The purpose of the rational zeroes theorem is not to find solutions to a polynomial, but to find potential solutions. That is, this root test really can only give us an idea at what some solutions could be. The actual solutions found by other methods could be all of them, some of them, or none at all! All this goes to show that the rational roots theorem is only one step in the greater journey to solve a polynomial. Once you’ve mastered other techniques, the rational root test becomes not very useful nor informative. One type of problem this theorem is useful, however, is when it comes to dealing with higher degree polynomials, which we will show in an example later.
Despite not being terribly useful for all types of problems, however, the rational root test is still a very important concept to understand! So, without further adieu, let’s learn how to try to find potential zeros of a function using the rational zero theorem.
How to Find the Zeroes of a Function:
The rational zero theorem is defined by the following formula:
That is, the rational root test utilizes the factors of the constant term (the term without a variable attached to it) and of the leading coefficient (usually with the highest degree variable) to find potential zeros. So, when we break it down like this, using the rational zero theorem is actually quite a simple process!
And of course, as always, the best way to learn this concept is to do an example problem.
Consider the following polynomial: P(x)=9x3+6x2−29x−10
a) Determine the Potential Zeros Using the Rational Root Theorem
Step 1: Identify the Coefficients and their Factors
If we recall the rational root theorem definition, we need to find the factors of both the constant term and the leading coefficient. In this case, the constant term is 10 and the leading coefficient is 9.
Factors of the constant term 10 = 1, 2, 5, 10
Factors of the leading coefficient 9 = 1, 3, 9
Step 2: Use Formula
Once we have identified the factors, all we need to do now is plug each of these factors in individually to get all of our potential solutions to the polynomial. This leaves use the the potential solutions of:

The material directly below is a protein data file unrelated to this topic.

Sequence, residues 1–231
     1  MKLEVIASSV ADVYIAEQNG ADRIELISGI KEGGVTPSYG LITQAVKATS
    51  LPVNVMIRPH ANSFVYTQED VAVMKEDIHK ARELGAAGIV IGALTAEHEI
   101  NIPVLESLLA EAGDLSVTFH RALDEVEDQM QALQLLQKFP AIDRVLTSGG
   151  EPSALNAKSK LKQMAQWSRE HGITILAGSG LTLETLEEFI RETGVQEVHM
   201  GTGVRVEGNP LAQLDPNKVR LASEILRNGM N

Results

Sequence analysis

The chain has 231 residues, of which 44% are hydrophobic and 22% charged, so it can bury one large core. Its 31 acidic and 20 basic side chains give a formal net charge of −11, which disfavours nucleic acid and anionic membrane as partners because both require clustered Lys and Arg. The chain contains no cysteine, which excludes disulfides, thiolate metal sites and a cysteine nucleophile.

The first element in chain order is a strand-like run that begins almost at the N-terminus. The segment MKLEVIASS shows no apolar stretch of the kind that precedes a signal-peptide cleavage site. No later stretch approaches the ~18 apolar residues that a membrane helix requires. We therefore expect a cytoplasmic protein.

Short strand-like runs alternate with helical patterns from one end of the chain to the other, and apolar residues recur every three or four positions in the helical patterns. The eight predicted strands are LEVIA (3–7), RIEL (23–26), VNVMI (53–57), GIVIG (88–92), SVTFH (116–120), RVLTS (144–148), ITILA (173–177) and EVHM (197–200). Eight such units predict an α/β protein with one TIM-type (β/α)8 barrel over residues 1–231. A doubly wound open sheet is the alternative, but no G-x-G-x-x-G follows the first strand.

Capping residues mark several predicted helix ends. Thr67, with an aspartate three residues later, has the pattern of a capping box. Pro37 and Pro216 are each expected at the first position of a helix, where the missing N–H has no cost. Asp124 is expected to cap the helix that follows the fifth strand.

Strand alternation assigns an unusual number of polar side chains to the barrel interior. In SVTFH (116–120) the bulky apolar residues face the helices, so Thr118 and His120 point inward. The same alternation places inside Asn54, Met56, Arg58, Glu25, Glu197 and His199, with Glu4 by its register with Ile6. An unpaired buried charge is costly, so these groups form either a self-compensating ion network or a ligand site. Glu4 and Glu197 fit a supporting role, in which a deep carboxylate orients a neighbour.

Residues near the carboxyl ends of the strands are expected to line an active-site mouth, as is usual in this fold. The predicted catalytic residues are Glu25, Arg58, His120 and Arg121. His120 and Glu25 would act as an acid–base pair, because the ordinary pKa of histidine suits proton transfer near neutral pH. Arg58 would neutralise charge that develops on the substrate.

As you can see, there are many possible zeros. Now we must use other techniques to figure out which one(s), if any, are true solutions.
b) Factor P(x) fully
Since factoring cubic polynomials is difficult with the most commonly used methods, let’s factor using synthetic division. In order to use synthetic division, we will need to try all of the potential zeros found in part (a) of the question. Since there are so many, we will skip ahead a bit to x=-2, which turns out to be the only zero above that is an actual zero of the polynomial.
Now, using synthetic division with x = -2:
So, (x+2) is one of the factors of the polynomial. (9x2−12x−5) is also a factor. We can factor (9x2−12x−5) further using methods that we’re more familiar with, like the quadratic formula. After factoring, we have (3x−5)(3x+1) as the factors.
This gives us our final answer:
c) Solve the equation:
Since (x+2)(3x−5)(3x+1) are the factors of 9x3+6x2−29x−10, we can solve (x+2)(3x−5)(3x+1)=0 to easily get the answers to this part of the problem.
Solving each zero individually:
(x + 2) = 0
x = -2
3x - 5 = 0
3x = 5
x = 35
3x + 1 = 0
3x = -1
x = 3−1
This gives us our final answers of:
x = −2,35,3−1
And that’s all there is to it! For a quick check to see how well you’ve master this topic, check out this rational zero test calculator here to check your work. Lastly, for related exercise dealing with integration techniques, be sure to check out our video on integration by partial fractions.
What is rational zeros theorem? It is sometimes also called rational zero test or rational root test. We can use it to find zeros of the polynomial function. It is used to find out if a polynomial has rational zeros/roots. It also gives a complete list of possible rational roots of the polynomial. It also comes in handy when we need to factor a polynomial alongside with the use of polynomial long division or synthetic division.